NFL Draft Stock Report: Temple pass rush pair creating serious buzz

Who helped themselves?

Haason Reddick , OLB, Temple Owls , rSR. (6-1, 230, 4.54, #7)
Temple lost several key members of last year's defense that led the program to double-digit wins, including three draft picks. But Reddick was one of the key returning starters this season and he has created buzz among NFL scouts with his development, currently leading college football with 15.5 tackles for loss.

A wide receiver and safety in high school, Reddick moved to linebacker for the Owls and shined on special teams earlier in his career. He has the athletic traits and secondary quickness off blocks to be an impact pass rusher, lining up at defensive end and edge rusher. Reddick also showed his versatility against South Florida Bulls as a middle linebacker when Temple went to uneven fronts, spying the quarterback and floating in space.

Haason Reddick has racked up more tackles than any other player in the nation in 2016. USATSI

Although he lacks the length and power to consistently stack-and-shed NFL blockers in the trenches, Reddick has pursuit speed and awareness to play off the line of scrimmage, while also serving as a nickel rusher with his burst and flexibility off the edge. He has played like one of the best outside linebacker prospects in this year's senior class.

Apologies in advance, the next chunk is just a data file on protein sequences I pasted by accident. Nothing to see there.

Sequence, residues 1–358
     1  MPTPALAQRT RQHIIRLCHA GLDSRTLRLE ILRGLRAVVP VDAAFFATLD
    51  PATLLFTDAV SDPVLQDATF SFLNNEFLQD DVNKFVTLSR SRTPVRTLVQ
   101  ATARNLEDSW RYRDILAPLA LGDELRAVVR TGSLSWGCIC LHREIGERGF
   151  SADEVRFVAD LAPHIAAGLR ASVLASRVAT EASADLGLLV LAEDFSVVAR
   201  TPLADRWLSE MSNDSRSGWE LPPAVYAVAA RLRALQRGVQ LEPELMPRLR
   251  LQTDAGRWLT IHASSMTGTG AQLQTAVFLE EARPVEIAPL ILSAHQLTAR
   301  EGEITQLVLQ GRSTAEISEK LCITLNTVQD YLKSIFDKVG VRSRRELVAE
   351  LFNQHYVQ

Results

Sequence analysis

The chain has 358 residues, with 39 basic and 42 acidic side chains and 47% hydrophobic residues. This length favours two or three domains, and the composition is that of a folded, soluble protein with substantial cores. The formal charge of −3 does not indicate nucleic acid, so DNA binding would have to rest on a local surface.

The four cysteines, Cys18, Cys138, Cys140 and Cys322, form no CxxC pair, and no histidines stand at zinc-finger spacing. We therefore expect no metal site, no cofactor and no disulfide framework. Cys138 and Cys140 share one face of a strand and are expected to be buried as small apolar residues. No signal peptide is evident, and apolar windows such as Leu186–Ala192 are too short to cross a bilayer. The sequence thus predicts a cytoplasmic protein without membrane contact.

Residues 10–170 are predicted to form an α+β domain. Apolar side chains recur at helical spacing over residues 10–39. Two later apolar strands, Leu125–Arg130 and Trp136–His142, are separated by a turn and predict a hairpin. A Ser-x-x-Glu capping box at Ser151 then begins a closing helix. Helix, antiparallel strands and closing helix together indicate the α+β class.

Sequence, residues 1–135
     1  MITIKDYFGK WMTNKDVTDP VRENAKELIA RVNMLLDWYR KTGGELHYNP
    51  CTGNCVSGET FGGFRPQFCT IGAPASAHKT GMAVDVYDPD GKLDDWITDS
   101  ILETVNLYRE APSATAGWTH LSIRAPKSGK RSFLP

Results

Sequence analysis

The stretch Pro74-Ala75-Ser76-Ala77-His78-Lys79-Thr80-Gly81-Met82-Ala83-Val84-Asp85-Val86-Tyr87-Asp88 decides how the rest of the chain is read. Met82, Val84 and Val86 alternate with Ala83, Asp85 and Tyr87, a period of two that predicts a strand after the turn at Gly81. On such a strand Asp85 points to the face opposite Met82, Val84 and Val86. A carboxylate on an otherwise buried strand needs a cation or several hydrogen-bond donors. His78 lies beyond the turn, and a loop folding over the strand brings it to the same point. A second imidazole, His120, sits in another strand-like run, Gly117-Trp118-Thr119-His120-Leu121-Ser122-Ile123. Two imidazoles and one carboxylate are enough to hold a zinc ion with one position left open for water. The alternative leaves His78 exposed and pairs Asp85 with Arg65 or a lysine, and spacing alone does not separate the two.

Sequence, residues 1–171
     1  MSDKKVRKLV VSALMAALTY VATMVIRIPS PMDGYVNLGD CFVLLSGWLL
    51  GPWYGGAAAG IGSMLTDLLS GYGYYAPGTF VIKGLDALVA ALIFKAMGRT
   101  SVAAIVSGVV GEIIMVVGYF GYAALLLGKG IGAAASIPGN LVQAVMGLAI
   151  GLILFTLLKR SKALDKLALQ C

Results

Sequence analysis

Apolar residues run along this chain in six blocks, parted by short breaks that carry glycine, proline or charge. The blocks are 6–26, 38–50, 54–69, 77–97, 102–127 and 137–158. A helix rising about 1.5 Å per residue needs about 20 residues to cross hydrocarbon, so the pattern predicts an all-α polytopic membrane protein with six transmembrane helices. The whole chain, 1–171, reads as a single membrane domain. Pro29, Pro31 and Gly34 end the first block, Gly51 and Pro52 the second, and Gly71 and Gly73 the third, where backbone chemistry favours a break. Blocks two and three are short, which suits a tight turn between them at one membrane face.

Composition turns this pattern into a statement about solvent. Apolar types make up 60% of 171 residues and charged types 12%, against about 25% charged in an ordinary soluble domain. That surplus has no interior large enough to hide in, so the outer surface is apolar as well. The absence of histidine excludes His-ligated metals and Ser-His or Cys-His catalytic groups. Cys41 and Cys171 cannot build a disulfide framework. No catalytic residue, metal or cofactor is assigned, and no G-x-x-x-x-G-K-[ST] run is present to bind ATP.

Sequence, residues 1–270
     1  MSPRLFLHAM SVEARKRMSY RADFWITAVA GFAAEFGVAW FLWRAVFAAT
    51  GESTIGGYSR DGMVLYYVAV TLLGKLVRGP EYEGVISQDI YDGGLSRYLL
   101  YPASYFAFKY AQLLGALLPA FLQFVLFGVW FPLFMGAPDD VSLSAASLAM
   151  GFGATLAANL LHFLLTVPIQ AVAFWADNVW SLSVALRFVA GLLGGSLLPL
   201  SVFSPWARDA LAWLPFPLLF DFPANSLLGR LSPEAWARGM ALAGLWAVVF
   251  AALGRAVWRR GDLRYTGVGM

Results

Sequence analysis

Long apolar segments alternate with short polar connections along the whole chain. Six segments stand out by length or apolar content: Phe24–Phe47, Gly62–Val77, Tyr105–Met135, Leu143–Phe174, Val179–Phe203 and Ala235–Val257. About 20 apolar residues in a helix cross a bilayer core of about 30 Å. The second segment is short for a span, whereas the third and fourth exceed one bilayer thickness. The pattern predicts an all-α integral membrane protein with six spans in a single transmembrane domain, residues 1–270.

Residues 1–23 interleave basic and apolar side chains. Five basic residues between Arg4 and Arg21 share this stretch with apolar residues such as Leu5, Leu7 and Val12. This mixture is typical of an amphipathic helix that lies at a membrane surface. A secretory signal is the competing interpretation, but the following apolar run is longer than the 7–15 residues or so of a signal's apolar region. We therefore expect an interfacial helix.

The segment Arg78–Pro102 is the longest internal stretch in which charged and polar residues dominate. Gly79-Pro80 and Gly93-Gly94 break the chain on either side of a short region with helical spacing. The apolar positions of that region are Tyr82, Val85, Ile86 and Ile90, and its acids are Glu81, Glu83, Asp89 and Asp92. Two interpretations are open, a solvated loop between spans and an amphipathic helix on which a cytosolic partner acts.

Romond Deloatch , TE/DE, Temple, rSR. (6-3, 220, 4.68, #11)
Reddick leading Temple with 7.5 sacks this season isn't a shock, but Deloatch second on the team with four sacks has been a pleasant surprise. A wide receiver out of high school, Deloatch has spent most of his playing time the past few seasons as a hybrid tight end, but also took on the role of a situational pass rusher in 2016 and has caught the eye of evaluators.

He has only six tackles, but five have been for loss, adding four sacks and a pair of forced fumbles. Deloatch, who also has 14 catches for 209 yards on offense this season, has a tall, long frame with the get-off quickness and bend to run the arc and disrupt the pocket. Against South Florida last Friday, he used that edge speed late in the game to get by the outside shoulder of the tackle and sack the quarterback in the end zone for the safety. Deloatch is obviously unrefined with his hand usage and pass rush sequence, but the raw tools are intriguing for a NFL team to develop.

Takkarist McKinley , DE, UCLA Bruins , SR. (6-2, 258, 4.62, #98)
UCLA has lost four of the last five games, but McKinley has been one of the bright spots for the Bruins, performing well despite a nagging groin injury. On Saturday against Utah Utes , he was at his best with five tackles for loss, three sacks, two forced fumbles, two pass break-ups and a recovered fumble.

McKinley, who currently leads the FBS in tackles for loss per game (2.0), has explosive athletic traits and the quickness to challenge edge blockers with speed alone. He tends to be inefficient with his hand tactics, which hinders his ability to convert speed to power, but when McKinley stays controlled with his pass rush moves, he can swat, bait and work off contact. He also holds up well at the point of attack, setting the edge and filtering runs inside to hold contain. Although not quite the sum of his parts yet, McKinley has the hip flexibility to work in tight spaces and get offenses off-schedule due to his relentless rush.